Yeah. Those same people who’d staged a meaningless protest that accomplished nothing and didn’t have a focused agenda and blah blah. Sandy happened. Somebody heard about how vulnerable adults were abandoned and the OWS people got on it. They saved hundreds of lives.

                So even failed protests have a point, if people learn to work together.

                • Frank Moraes says:

                  Think about all that’s going on in Minnesota and remember that it’s a liberal state. I’m constantly amazed by that here in California.

                  I remember reading about that. Occupy Wall Street helped a lot of people when Red Cross was not. I guess the Tea Party was too busy looking for Obama’s birth certificate in Hawaii.

                  • James Fillmore says:

                    People are rediscovering how to work together; that if you bitch at your temp employer by yourself, you’ll get nowhere, but if 100 of you complain together, you might get a parent company to cave because they fear bad PR.

                    For decades we paid our union dues and let them do the bitching for us. Well, those days are over. Maybe unions come back, maybe they don’t. We need collective action in whatever form we can find.

                    The BlackLivesMatter people had a protest at the State Fair — which in Minnesota is like Christmas, Eid-Al-Fatr, and Hanukkah combined. It’s the single most sacred local festival. And BlackLivesMatter did a protest which basically served to piss lots of people off.

                    That’s not the point! The point is they learned to work together! Time’s passed, nobody remembers who annoyed whom at the State Fair. But the people who were in that protest remember it was scary to get out of their boxes to work together . . . and also surprisingly fun.

                    I’m not an optimist, I think we’re all doomed . . . but this is happening. People are doing it. Not often enough, I fear. It’s going on, though.

                    • Elizabeth says:

                      There is a sense of coming back together but the question is will it last? Change is hard and it takes thousands of hours of fruitless effort and most people are not used to failing time and time again.

                      It can happen though.

                    • Frank Moraes says:

                      Any many ways, things are getting better. But on the level of workers, I don’t know. The rich have gotten really good at protecting their short-term interests. I’m more hopeful for Black Lives Matter.

                  • Elizabeth says:

                    And they found it! But since most of them have no idea what an original certificate of live birth looks and it lacked the words “OBAMA WAS BORN IN KENYA” so they had to keep looking.

                    • Frank Moraes says:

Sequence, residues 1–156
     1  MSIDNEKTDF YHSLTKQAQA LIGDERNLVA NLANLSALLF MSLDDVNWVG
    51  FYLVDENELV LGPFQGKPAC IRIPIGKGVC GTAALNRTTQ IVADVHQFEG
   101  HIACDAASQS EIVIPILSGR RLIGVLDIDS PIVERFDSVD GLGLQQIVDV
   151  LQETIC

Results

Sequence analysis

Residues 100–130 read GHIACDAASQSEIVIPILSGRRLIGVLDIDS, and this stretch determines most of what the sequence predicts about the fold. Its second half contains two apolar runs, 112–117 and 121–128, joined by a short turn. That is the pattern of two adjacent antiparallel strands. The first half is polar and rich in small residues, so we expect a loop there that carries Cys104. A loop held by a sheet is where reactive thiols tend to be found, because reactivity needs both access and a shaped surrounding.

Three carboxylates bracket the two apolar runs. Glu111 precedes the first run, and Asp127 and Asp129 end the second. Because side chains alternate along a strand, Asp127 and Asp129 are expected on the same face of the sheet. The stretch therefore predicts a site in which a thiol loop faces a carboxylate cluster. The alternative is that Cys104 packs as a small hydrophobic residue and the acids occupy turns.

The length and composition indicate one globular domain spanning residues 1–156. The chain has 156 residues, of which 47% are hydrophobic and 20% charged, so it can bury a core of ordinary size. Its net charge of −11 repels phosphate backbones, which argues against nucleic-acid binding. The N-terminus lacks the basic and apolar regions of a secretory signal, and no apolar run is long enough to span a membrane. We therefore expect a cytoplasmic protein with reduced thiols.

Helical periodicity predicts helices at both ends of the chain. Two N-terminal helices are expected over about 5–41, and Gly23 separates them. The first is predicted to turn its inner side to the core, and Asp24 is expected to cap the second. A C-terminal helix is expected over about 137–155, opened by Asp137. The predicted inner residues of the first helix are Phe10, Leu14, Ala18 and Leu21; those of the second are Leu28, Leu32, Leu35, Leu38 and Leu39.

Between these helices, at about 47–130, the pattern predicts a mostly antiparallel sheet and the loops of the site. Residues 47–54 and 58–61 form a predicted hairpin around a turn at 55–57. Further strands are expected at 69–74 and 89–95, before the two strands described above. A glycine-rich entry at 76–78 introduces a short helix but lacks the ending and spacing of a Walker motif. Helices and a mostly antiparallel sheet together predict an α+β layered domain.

Any birth certificate or newspaper announcement could be faked. Thus, if you are certain that he was born in Kenya, the only thing that will settle the matter is proof that he was born in Kenya. Anything else can be dismissed.

    • Elizabeth says:

      This is a very thorough list. If I move, and I do want to, I am going home. Home to me is Chula Vista’s mean streets (okay, just small and crowded.) Where I rode my bike down to the local marina and ate pickles in a paper cup and sat on the rocks wishing there was an actual beach to play on. Where the field trips were to places like Silver Strand beach or to the Living Coast Discovery Center where you could pet sting rays without the stings. The place I first learned to play jai alai while my dad flew his kites in one of his endless hobbies in the blustery wind.

      The light there is different then the light here, not as harsh and unforgiving. It may not have as much rain as say Oregon does but when it does it is marvelous. And it always has the ocean that was ever present in the background. I can always go and stand in the water while just being.

      • James Fillmore says:

        Just avoid Minnesota like the plague. You’d like the politics fine. I’m not lying about the cold.

        When I first moved here, it got down to like, 20 above or so, and I called my mom to complain. She grew up in Wisconsin, I thought she’d sympathize; 20 is pretty cold. She did an evil laugh (which I miss, she’s dead now.) “The day will come when you think 0 is warm.”

        I doubted this. It is entirely true. 0 is warm.

        Sounds like Cali’s the place for you! Beware the rich white people!

  3. "the younger sister" says:

    I am so glad you got human traps and so glad for the happy ending! If you get the kind that immediately kill the rodents it’s cruel, of course, to the rodent. If you feed it poison, this would cause a painful, slow death for, not only the rodent, but maybe an unfortunate predator who eats him or her. Most people don’t think about this when they leave out poison.